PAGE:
The wicked manager has been accused of wasting his master’s possessions. It’s the same way the prodigal son wasted his inheritance. The wicked manager is told to put the books in order by the master. The wicked manager understands that he cannot do physical labor which was the most common way to make money in his day. Can you imagine digging ditches or working in a factory today? The master makes money by leasing out his land to tenants. They owe the master part of their produce as payment. The wicked manager shrewdly lessens what two of the tenants owe their master. The amount the wicked manager lessons the bills, fifty measures of oil for one and twenty measures of wheat for another, are most likely equivalent in value. The wicked manager does this so that he will find a cushy manager job waiting for him when he is let go. The master does let him go and unexpectedly commends the wicked manager for his shrewdness. Then Jesus says we are worse than the wicked in how we handle mammon. Then comes the real head scratcher from Jesus:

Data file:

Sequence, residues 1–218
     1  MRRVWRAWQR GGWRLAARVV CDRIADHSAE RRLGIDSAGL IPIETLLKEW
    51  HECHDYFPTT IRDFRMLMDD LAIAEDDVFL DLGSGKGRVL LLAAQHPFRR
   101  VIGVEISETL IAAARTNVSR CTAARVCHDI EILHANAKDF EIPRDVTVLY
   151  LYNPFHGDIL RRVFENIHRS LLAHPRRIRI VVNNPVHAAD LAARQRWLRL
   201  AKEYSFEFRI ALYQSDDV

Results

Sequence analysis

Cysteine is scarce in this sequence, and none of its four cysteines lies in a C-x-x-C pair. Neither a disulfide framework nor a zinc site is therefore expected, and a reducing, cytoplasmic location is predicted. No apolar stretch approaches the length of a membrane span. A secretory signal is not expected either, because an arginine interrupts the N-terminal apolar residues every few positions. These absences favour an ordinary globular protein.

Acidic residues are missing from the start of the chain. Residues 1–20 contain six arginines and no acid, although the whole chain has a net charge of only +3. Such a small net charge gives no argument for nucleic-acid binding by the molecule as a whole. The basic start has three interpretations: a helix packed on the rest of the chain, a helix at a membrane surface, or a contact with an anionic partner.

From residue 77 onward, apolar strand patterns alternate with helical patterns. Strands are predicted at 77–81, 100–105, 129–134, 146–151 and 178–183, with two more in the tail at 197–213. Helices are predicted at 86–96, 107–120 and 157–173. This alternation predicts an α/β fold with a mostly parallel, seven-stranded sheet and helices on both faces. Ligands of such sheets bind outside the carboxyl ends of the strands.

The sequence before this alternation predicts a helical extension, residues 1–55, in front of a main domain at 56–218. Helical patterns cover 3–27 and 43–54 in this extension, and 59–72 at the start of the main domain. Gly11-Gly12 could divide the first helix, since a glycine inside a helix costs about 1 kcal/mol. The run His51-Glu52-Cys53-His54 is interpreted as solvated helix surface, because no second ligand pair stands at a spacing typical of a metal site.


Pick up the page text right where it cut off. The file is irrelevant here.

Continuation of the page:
“Make friends for yourselves by means of unrighteous [mammon], so that when it fails they may receive you into the eternal dwellings.” (v. 9)
I’m not going to say that I completely understand what Jesus is saying here, and I’m in good company as other pastors have admitted the same, but here’s what I do know: wicked mammon is meant to serve the church.
Mammon and anger have a lot in common. There is such a thing as righteous anger. I think we can say there is such a thing as righteous mammon. After all, Jesus says through St. Paul,